Sputtering: How mars may have lost its atmosphere

Sep 13, 2012 by Nancy Atkinson, Universe Today
Artist depiction of the MAVEN spacecraft. Credit: NASA

Why is Mars cold and dry? While some recent studies hint that early Mars may have never been wet or warm, many scientists think that long ago, Mars once had a denser atmosphere that supported liquid water on the surface. If so, Mars might have had environmental conditions to support microbial life. However, for some reason, most of the Martian atmosphere was lost to space long ago and the thin wispy atmosphere no longer allows water to be stable at the surface. Scientists aren't sure how or why this happened, but one way a planet can lose its atmosphere is through a process called 'sputtering.' In this process, atoms are knocked away from the atmosphere due to impacts from energetic particles.

Since Mars doesn't have a strong intrinsic magnetic field, the atmosphere could have been eroded by interactions with the solar wind, and this video shows how that occurs. Also, the conditions in the early solar-system conditions enhanced the sputtering loss, and so the loss of Martian atmosphere could be caused by a complex set of mechanisms working simultaneously.

This video is not supported by your browser at this time.

An upcoming mission could tell us what happened to Mars' atmosphere. The and Volatile Evolution spacecraft or MAVEN is equipped with eight different sensors designed to sort out what happened to the planet's atmosphere.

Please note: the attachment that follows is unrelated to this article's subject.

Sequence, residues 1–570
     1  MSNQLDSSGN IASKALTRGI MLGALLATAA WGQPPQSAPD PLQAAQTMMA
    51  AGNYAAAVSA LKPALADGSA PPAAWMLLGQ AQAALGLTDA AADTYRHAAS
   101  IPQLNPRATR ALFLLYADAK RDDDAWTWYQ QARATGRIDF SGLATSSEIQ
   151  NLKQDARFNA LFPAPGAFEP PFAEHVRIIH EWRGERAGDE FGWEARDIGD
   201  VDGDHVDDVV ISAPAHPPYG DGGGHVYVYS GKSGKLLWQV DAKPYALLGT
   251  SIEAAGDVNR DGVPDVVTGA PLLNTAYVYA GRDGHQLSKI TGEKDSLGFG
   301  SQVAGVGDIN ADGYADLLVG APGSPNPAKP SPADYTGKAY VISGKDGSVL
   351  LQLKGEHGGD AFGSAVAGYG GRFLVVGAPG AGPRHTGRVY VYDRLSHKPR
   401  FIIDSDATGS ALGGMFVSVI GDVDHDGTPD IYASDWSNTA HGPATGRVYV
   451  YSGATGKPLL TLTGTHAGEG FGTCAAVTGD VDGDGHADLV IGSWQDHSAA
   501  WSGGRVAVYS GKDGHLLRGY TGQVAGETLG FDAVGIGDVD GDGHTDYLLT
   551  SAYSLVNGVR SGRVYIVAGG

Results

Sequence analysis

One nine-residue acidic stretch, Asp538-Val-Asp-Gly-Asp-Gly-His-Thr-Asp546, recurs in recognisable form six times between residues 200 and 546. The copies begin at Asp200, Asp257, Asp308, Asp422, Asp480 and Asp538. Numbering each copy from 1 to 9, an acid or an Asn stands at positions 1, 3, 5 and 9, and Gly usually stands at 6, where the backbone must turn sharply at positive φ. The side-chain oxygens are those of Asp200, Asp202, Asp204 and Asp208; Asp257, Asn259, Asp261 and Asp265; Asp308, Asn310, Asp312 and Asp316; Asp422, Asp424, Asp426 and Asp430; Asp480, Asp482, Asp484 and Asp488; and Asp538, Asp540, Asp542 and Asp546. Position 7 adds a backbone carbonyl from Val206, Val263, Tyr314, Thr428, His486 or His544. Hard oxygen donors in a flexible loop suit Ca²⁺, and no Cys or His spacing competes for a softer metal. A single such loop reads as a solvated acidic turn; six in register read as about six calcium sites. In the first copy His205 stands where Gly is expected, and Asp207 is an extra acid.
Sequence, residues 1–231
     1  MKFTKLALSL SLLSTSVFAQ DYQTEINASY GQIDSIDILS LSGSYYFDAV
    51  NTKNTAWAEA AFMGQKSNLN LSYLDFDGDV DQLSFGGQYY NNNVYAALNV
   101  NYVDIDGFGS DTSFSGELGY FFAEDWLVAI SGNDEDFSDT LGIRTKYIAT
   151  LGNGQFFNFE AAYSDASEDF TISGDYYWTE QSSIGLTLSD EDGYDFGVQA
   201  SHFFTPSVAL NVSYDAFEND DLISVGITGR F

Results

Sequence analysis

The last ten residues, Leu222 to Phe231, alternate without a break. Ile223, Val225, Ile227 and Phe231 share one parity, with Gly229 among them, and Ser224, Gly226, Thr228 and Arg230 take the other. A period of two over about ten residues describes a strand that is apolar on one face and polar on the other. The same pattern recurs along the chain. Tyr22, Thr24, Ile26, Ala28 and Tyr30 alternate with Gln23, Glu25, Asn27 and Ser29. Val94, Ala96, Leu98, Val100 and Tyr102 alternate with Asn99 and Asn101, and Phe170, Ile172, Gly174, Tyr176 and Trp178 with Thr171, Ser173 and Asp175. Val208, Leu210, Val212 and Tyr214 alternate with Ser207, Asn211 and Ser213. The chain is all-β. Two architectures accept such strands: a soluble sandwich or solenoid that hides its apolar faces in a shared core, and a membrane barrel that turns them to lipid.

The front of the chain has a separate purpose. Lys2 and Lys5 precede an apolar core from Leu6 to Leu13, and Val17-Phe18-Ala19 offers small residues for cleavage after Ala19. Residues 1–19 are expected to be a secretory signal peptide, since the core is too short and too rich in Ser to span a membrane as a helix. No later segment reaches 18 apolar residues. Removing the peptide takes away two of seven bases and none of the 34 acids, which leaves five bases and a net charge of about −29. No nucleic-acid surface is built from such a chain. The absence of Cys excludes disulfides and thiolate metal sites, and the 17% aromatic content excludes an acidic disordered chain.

MAVEN will be the first spacecraft ever to make direct measurements of the Martian atmosphere, and is the first mission to Mars specifically designed to help scientists understand the past – also the ongoing—escape of CO2 and other gases into space. MAVEN will orbit Mars for at least one Earth-year, about a half of a . MAVEN will provide information on how and how fast are being lost to space today, and infer from those detailed studies what happened in the past.

Studying how the Martian atmosphere was lost to space can reveal clues about the impact that change had on the Martian climate, geologic, and geochemical conditions over time, all of which are important in understanding whether Mars had an environment able to support life.

The MAVEN will carry eight science instruments that will take measurements of the upper during one Earth year, equivalent to about half of a Martian year.

MAVEN is scheduled to launch in 2013, with a launch window from Nov. 18 to Dec 7, 2013. Mars Orbit Insertion will be in mid-September2014.

Explore further: Holiday lights on the Sun: SDO imagery of a significant solar flare

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Osiris1
2.7 / 5 (3) Sep 13, 2012
good, find out....then formulate a solution for terraformation....reboot of its atmoaphere. Could be as simple as releasing locked up gasses from surface elements.
Or as complex and hazardous as finding an asteroid with lots of gasses and water ices; then safely transfer the contents of it to the Mars environment.
rug
2.3 / 5 (3) Sep 13, 2012
Or as complex and hazardous as finding an asteroid with lots of gasses and water ices; then safely transfer the contents of it to the Mars environment.


All we would have to do really is slow one down then it would drop into mars orbit. Hard part would be getting the timing right.

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